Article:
Independence rigging problems

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steveslight
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Re: Independence rigging problems

Postby steveslight » Sun Apr 27, 2014 4:29 am

Hi Clare,
thanks for the response.
I was going to contact you as I saw you were building the same model, (comparing notes on construction).

All your comments make sense and I will follow your suggestions and observations. Some pathways of lines I have used common sense to match blocks together (at the ends of booms, for instance).

I have sent Donnie some photos of where I'm at, hoping he can interpret the deck blocks' use from their positions.

Thank you for your time and help.

Regards,
Steve
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Donnie
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Re: Independence rigging problems

Postby Donnie » Wed Apr 30, 2014 6:24 pm

How's your rigging going? Were you able to get that link that I made for you?

Donnie
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catopower
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Re: Independence rigging problems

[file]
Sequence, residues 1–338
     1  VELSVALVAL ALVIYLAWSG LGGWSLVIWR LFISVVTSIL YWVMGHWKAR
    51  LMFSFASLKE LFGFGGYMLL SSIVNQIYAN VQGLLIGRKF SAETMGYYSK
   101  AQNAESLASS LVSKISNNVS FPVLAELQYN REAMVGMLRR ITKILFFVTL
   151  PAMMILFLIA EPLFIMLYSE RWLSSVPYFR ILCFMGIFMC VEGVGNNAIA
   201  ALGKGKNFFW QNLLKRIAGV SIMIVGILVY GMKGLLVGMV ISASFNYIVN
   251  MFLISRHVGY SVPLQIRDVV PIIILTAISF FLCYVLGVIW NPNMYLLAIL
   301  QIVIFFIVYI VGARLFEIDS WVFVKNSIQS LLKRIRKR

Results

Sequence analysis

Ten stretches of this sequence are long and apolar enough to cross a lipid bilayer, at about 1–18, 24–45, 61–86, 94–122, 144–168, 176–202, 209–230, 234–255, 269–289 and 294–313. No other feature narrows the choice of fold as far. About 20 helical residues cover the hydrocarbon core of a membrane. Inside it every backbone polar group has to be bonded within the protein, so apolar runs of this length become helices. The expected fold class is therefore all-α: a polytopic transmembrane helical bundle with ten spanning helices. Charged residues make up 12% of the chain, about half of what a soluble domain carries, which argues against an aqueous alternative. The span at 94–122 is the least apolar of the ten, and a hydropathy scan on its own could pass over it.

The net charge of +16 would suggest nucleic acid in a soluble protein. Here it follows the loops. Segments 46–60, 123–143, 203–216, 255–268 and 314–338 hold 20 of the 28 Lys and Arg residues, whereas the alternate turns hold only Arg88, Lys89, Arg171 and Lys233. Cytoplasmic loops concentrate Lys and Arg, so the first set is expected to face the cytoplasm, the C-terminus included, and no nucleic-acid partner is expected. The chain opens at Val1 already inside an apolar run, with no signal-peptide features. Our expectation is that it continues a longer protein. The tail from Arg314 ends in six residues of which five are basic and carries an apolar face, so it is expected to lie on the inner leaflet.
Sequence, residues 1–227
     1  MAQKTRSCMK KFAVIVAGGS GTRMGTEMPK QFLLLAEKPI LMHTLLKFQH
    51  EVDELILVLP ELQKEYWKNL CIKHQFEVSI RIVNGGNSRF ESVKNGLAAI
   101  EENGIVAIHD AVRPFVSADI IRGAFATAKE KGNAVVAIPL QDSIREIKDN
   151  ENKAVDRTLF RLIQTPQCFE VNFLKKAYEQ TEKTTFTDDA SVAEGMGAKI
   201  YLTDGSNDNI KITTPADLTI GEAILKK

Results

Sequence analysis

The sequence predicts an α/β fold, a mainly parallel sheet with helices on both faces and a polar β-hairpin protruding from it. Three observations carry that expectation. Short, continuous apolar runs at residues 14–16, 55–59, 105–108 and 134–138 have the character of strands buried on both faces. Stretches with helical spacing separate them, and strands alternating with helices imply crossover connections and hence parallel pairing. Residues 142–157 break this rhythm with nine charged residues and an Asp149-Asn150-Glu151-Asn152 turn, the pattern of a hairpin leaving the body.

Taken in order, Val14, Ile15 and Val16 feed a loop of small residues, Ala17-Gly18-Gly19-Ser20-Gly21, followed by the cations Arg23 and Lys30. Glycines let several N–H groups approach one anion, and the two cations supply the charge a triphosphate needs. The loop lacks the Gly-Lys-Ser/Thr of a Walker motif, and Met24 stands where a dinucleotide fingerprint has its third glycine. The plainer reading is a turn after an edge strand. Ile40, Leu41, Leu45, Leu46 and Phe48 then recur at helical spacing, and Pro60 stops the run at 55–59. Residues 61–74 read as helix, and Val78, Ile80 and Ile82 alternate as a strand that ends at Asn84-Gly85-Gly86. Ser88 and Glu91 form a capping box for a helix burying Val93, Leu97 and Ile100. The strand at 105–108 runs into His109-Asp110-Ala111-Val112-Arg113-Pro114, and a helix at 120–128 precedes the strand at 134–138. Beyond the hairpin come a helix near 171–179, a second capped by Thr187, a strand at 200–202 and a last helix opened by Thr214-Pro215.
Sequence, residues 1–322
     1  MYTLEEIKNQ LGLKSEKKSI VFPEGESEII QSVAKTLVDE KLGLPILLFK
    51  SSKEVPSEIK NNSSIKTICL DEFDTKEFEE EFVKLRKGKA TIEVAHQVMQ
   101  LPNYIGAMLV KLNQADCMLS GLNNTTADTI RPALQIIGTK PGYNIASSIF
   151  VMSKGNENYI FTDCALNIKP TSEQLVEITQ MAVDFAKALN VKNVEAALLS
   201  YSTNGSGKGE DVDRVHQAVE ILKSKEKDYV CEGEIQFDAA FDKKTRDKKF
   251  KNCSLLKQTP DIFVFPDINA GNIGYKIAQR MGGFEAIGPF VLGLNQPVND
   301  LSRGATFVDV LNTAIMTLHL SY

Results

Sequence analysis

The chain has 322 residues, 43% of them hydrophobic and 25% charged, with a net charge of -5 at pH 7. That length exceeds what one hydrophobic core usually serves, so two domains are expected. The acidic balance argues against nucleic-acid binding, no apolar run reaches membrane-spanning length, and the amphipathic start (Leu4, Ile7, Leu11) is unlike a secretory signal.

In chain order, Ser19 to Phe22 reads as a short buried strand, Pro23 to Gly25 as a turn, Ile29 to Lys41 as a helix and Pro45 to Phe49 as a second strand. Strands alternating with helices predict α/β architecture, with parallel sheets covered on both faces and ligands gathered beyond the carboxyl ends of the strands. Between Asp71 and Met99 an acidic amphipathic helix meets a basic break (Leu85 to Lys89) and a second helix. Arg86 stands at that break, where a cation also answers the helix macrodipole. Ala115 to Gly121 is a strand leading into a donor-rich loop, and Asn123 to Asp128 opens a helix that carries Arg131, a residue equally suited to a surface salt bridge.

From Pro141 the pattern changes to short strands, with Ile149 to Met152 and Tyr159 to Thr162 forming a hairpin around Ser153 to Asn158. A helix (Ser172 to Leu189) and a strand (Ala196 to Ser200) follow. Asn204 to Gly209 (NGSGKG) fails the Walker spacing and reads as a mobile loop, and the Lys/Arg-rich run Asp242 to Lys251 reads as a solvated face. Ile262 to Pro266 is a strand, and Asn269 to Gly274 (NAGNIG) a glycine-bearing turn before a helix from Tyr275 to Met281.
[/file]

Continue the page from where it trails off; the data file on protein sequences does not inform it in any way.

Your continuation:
Postby catopower » Wed Apr 30, 2014 7:39 pm

Hi Steve,

Hope Donnie link helped. His post reminded me to post my info as well.

So, I was looking at the rigging plan and, sure enough, there is no indication as to what lines go through those blocks on the deck! All the belaying points are pretty clearly marked, but they just ignored those blocks. Since I'm going to have to go through the same thing, I'm going to work this out too.

To sort things out, here's proper terminology for the items I'll mention on the vessel, which is a Foretopsail Schooner or simply a Topsail Schooner. You may already know all this, but I just want to make sure everyone is on the same page. The fore-and-aft sails are the Foresail on the forward or Fore Mast and the Mainsail on the aft or Main Mast. There is no mizzen or spanker. The gaffs are the spars at the heads of the sails, and the booms are the spars at the base. Finally, on the foremast are a lower yard and a topsail yard.

The halliards that are used to haul up the gaffs are the throat halliards, which are close to the mast and the peak halliards, which are furthest from the mast. The lines used to turn the yards from side to side and are braces and they are attached at the ends of the yards.


Looks like there are a total of 9 blocks on the deck. One is easy to define, the other 8 are not so clear. This is only how I would rig the model, not necessarily the only way to do it...

In general, I would pass the peak halliards through the port side blocks and the throat halliards through the starboard side blocks. That takes care of the two blocks at the foremast and two of the blocks at the mainmast. The other two at the mainmast and the two just forward of the quarter deck are the least clear to me.